16. Global Internet security firm Quick Heal Technologies has detected more than 180 million threats on desktops and laptops with Windows Operating System in India. According to the quarterly threat report released by the firm on Wednesday, more than 2 million malware, 16,000 ransomware, 13,000 crypto-mining malware, 141,000 exploits, and 40,488 potentially unwanted applications (PUAs) and adware are detected on a daily basis. “More than 18 crore threats were detected on Windows devices of individual and enterprise users between April and June 2018. May was the busiest month, with more than 74 million incidents detected, followed by April and June that witnessed 55 million and 51 million detections respectively,” a Quarterly Threat Report 2018 said. “The absence of appropriate cybersecurity measures has also made users and businesses across India more vulnerable to emerging threats,” it further added. Joint Managing Director and Chief Technology Officer, Sanjay Katkar said in a statement, "Cybercriminals are at a completely different level today than they were a few years ago. They are using novel technologies to drive increasingly-complex attacks and are targeting larger user bases." "The latest threat report highlights this risk that individuals and businesses in India currently face with this evolution of the threat landscape," Katkar said. The Trojan Horse families have registered a quarter-on-quarter growth of four percent in the second quarter of 2018 and remained the most dominant malware in this quarter also. “Individual users and businesses across India need to understand the massive risk that they are exposed to at present. Ignorance is not a viable cybersecurity strategy. The need of the hour is to drive large-scale adoption of cutting-edge security solutions such as those offered by Quick Heal and Seqrite,” he said. However, the rise of cryptojacking remains the biggest worry, as it is getting direct monetary benefits to cybercriminals. “Cryptojacking attacks remain undetected for a long time and can often be used as a platform to launch other complex attacks…over 3 million cryptojacking hits were detected till May 2018, with the number of active mobile cryptojacking variants increasing to 25,” the report said. Quick Heal Quarterly Threat Report, Q2 2018 PDF http://www.quickheal.co.in/documents/threat-report/Quick-Heal-Quarterly-Threat-Report-Q2-2018.pdf Source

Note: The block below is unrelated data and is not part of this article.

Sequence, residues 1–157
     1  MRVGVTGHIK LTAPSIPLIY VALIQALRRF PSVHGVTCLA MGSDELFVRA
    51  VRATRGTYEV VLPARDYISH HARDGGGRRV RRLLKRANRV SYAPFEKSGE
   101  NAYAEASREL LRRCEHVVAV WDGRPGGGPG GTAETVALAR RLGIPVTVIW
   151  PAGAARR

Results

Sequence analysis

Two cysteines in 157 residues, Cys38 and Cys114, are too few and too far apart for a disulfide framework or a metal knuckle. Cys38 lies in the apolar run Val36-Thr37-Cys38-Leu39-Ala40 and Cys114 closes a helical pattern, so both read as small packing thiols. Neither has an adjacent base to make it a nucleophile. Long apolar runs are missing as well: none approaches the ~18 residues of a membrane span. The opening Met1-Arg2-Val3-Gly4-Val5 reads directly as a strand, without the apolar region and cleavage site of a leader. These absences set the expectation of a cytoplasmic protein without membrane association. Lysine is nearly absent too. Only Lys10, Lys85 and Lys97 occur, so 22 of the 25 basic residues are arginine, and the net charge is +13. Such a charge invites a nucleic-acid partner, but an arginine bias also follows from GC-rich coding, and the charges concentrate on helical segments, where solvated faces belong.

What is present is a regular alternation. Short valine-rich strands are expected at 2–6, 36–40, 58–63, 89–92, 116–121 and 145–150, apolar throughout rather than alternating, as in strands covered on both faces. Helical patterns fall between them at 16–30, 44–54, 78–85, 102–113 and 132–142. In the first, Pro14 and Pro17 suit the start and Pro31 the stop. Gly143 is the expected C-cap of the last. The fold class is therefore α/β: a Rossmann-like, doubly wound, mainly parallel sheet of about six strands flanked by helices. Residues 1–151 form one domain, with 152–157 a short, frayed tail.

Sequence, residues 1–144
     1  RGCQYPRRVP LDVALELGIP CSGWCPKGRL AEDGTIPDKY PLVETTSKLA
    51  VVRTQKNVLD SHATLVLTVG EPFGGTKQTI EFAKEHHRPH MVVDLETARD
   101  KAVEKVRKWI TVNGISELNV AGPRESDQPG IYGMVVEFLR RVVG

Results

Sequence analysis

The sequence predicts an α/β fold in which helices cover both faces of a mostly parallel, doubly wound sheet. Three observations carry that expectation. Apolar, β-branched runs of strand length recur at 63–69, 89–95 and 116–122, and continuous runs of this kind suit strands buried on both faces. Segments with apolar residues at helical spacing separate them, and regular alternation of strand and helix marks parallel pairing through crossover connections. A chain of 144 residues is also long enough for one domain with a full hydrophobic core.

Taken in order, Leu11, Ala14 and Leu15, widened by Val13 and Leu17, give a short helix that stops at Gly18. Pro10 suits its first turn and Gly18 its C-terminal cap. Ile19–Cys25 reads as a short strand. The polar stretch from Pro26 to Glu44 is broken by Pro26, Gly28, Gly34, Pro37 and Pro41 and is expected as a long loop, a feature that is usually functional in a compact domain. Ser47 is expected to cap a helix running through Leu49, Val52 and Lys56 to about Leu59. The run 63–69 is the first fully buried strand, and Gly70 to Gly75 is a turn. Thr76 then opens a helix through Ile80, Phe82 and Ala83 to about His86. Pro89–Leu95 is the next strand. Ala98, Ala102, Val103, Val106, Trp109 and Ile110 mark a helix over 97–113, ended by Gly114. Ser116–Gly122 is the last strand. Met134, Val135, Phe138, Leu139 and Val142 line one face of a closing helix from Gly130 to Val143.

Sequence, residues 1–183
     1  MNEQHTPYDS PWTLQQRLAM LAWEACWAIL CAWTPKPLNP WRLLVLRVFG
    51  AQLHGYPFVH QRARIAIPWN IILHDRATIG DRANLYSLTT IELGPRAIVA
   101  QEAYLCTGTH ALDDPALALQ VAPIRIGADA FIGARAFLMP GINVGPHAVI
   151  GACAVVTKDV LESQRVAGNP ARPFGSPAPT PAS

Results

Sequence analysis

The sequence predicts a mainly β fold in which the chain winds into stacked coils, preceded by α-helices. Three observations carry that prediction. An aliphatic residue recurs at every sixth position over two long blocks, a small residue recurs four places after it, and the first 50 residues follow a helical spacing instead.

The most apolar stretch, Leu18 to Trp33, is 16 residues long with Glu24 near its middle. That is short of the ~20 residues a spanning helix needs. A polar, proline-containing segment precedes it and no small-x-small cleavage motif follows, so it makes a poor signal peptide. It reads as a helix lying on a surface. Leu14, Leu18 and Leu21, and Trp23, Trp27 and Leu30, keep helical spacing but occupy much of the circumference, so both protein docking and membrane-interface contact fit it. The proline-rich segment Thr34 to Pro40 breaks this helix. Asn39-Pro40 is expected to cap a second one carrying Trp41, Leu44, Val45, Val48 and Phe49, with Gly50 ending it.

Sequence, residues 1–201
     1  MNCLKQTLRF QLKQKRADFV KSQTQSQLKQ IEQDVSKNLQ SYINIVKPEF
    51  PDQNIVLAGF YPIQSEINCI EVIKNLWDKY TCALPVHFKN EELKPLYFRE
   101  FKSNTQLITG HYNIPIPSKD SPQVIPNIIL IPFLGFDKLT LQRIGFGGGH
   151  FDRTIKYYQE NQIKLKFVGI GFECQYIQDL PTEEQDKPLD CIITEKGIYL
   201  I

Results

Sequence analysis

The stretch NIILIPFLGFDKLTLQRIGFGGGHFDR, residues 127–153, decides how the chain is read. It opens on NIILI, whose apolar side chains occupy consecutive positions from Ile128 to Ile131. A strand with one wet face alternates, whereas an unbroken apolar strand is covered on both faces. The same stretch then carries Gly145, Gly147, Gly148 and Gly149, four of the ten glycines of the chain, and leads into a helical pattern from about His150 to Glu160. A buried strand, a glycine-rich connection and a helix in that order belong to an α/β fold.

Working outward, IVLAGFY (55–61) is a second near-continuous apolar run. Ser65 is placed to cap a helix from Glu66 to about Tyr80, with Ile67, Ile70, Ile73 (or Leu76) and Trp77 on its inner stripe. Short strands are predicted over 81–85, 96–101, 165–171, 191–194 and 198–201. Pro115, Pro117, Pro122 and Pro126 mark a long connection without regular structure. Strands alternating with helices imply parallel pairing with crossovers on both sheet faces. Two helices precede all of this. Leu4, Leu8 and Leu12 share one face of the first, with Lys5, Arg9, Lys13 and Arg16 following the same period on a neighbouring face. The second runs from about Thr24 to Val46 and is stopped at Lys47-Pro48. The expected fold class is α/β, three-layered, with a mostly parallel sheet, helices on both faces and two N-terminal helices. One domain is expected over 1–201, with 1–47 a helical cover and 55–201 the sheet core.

17. PepsiCo really doesn’t want anyone talking shit about its corn puffs online. There is a rumor that Kurkure, a corn puff product developed by the company in India, is made of plastic. The conspiracy theory naturally thrived online, where people posted mocking videos and posts questioning whether the snack contained plastic. In response, PepsiCo obtained an interim order from the Delhi High Court to block all references to this conspiracy theory online in the country, MediaNama reports. Hundreds of posts claiming that Kurkure contains plastic have already been blocked across Facebook, Twitter, Instagram, and YouTube, according to LiveMint, and the court order requires social networks to continue to block such posts. According to MediaNama, PepsiCo petitioned for 3412 Facebook links, 20244 Facebook posts, 242 YouTube videos, six Instagram links, and 562 tweets to be removed, a request the court has granted. Source